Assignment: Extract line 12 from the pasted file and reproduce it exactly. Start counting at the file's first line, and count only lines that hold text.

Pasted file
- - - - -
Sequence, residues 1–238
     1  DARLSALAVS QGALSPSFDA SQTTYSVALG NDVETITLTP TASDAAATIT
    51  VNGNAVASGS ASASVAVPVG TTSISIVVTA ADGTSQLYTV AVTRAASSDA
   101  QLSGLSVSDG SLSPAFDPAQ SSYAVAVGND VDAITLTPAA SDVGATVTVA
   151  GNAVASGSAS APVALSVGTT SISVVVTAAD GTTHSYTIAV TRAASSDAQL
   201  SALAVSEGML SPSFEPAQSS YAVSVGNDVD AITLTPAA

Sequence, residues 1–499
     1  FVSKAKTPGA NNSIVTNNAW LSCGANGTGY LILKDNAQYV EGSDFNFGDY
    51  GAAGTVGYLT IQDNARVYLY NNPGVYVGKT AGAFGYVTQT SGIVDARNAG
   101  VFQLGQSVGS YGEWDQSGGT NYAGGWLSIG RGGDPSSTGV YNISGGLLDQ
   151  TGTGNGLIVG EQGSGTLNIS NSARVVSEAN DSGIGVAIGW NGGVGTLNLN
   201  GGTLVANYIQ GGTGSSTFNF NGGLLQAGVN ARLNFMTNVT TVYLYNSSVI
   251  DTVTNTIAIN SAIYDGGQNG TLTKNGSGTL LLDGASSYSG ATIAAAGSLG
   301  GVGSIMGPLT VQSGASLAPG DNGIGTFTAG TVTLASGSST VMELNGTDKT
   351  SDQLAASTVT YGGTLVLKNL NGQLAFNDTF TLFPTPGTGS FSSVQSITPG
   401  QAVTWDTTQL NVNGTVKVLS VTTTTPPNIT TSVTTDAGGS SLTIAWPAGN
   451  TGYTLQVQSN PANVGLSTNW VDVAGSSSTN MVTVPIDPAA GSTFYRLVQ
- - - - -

   201  GGTLVANYIQ GGTGSSTFNF NGGLLQAGVN ARLNFMTNVT TVYLYNSSVI